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Review: Books, Theatre, Albums, Movies and Gigs

Ghost Stories.

Liverpool Playhouse
February 10 – February 20

Author:  Jeremy Dyson and Andy Nyman
Director: Jeremy Dyson and Andy Nyman
Designed by: John Bausor
Cast Includes: Andy Nyman, Nicholas Burns, David Cardy, Ryan Gage

Running Time: 80 minutes

Ghost Stories promotional image

Everyman Liverpool Playhouse official website

Written by Jeremy Dyson and Andy Nyman, the dark humour and horror of the BBC’s League of Gentlemen and the charming misdirection of Derren Brown’s television shows combine in Ghost Stories to intrigue and terrify The Liverpool Playhouse audience.

Professor Goodman, played by the enigmatic Andy Nyman, delivers a lecture on paranormal investigation and whilst his methods appear scientific and rational his subject is anything but as he details three case studies of the unexplained.


The narrator comforts, questions and confuses the audience by asking them to admit to their fears and attitudes and theorising that those seeking to believe in something “other” are merely seducing themselves with the fantastic, rather than facing up to the more morose realities that the imagination would transform.

The dialogue is natural and convincing, prickling with humour and melancholy as the stories – confessions, memories brought to life – help build a sense of anxiety that all seems horribly real.

John Bausor’s set is frankly brilliant, turning and twisting for each scene so that the first patient, a night watchman played in a matter of fact, street wise fashion by David Cardy guides us through a supposedly derelict warehouse; followed by a gripping performance from Ryan Gage who plays a student navigating his car through a pitch black forest as the stage becomes a lattice work of tall trees lit by the headlights of his car. Finally a self-assured businessman, played with aggression and humour by Nicholas Burns is taken by the revolving stage into his soon-to-be-born child’s nursery.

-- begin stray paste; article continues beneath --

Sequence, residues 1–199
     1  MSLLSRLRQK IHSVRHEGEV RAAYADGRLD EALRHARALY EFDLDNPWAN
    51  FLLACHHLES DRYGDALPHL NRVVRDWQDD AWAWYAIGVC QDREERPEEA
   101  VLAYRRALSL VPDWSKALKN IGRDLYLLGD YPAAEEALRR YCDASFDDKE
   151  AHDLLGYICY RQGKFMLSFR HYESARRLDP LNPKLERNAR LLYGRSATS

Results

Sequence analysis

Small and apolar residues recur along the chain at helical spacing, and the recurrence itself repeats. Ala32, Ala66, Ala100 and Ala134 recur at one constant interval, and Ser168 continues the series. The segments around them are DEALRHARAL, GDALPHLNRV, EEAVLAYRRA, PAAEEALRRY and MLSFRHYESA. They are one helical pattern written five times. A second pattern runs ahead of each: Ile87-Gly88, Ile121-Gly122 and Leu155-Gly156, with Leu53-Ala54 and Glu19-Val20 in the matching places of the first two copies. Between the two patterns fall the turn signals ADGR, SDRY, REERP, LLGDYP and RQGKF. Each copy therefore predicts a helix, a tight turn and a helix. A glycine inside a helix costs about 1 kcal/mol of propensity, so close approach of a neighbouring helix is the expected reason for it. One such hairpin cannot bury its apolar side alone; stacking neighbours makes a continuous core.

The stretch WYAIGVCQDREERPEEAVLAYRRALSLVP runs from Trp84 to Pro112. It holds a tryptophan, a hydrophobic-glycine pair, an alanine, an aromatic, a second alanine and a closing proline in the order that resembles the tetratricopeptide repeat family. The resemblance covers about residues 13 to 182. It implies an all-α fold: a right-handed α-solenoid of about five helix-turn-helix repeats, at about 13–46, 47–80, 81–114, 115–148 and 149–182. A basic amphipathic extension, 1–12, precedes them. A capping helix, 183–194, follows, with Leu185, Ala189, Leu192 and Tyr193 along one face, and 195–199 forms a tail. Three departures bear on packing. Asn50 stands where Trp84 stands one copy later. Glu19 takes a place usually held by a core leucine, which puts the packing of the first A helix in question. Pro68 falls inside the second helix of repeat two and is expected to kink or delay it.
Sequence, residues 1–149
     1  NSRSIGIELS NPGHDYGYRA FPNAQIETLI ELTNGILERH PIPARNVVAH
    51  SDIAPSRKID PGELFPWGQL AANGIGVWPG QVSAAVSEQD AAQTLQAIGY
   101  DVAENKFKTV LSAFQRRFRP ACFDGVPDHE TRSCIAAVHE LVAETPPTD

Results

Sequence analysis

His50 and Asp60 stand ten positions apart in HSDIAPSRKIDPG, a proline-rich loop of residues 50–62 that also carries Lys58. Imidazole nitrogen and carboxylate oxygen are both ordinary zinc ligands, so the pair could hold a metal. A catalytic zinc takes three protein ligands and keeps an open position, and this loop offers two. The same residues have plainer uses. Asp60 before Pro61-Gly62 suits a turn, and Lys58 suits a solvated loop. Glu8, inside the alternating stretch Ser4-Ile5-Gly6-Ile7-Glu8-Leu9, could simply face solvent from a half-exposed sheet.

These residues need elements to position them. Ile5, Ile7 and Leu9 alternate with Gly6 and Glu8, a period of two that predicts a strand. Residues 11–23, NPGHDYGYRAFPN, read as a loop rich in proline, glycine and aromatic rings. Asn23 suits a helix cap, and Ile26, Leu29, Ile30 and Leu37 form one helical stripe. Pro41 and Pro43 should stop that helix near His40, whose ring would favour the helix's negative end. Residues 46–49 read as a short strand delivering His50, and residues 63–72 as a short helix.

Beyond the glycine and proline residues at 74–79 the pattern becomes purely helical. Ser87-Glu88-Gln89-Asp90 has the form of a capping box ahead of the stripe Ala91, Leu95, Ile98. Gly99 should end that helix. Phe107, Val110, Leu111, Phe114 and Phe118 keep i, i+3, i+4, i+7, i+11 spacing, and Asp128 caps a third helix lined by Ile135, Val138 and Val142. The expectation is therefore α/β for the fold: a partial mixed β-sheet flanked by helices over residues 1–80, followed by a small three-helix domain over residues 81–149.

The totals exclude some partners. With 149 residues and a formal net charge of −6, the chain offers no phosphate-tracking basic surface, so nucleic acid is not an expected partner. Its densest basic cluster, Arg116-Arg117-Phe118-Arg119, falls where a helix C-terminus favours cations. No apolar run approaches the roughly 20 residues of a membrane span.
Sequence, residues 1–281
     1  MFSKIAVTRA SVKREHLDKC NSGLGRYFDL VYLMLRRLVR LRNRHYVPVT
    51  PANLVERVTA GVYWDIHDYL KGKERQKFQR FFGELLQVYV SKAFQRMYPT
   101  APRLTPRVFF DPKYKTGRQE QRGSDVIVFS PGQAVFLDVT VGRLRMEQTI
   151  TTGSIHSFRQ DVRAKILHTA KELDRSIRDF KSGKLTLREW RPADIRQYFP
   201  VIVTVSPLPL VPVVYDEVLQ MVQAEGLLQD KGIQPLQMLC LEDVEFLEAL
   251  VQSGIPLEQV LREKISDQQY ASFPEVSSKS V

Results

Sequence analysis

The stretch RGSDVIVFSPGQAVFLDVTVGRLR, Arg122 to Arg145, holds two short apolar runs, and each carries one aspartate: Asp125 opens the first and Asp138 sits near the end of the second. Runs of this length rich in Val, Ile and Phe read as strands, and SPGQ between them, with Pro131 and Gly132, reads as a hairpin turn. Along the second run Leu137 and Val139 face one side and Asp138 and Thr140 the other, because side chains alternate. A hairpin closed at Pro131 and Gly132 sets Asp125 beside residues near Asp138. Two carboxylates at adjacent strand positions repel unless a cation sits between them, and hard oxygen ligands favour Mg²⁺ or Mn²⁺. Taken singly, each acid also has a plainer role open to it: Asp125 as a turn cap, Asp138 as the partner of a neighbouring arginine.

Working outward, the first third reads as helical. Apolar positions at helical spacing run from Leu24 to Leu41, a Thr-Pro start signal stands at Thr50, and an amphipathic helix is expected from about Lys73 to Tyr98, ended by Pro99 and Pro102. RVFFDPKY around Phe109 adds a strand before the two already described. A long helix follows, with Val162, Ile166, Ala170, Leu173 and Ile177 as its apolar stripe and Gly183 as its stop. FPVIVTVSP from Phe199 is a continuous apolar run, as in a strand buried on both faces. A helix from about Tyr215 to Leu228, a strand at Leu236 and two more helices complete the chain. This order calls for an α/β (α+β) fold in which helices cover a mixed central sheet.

Some of the costumes are blood-curdling when they appear from the shadows but the real catalyst for fear is Nick Manning’s sound effects which brutally punctuate the action.

The adrenaline pumping climax is perhaps a little bit drawn out, and a number of theatre-goers were not as absorbed by the show. Perhaps the hype of its scariness (Ghost Stories comes with several health warnings as well as an age limit) sets some people’s expectations too high. If you are brave enough to confront some demons from the safety of a theatre seat, then go d so before Ghost Stories disappears and all that’s left are the spectral memories of a truly engaging piece of theatre.

- Luke Carragher

Luke Carragher is a writer, currently trying to hone his craft. He is a second-year creative writing student at John Moore’s University.

Luke is working on his first collection of short stories whilst looking for any opportunities to carve out a career path – whether that be writing reviews, fiction, or screenplays.


Everyman Liverpool Playhouse official website



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“Writing gets me away for a while' from this world and into one where I, alone, can make or
break the rules as I see fit.” - Chris High 2003.
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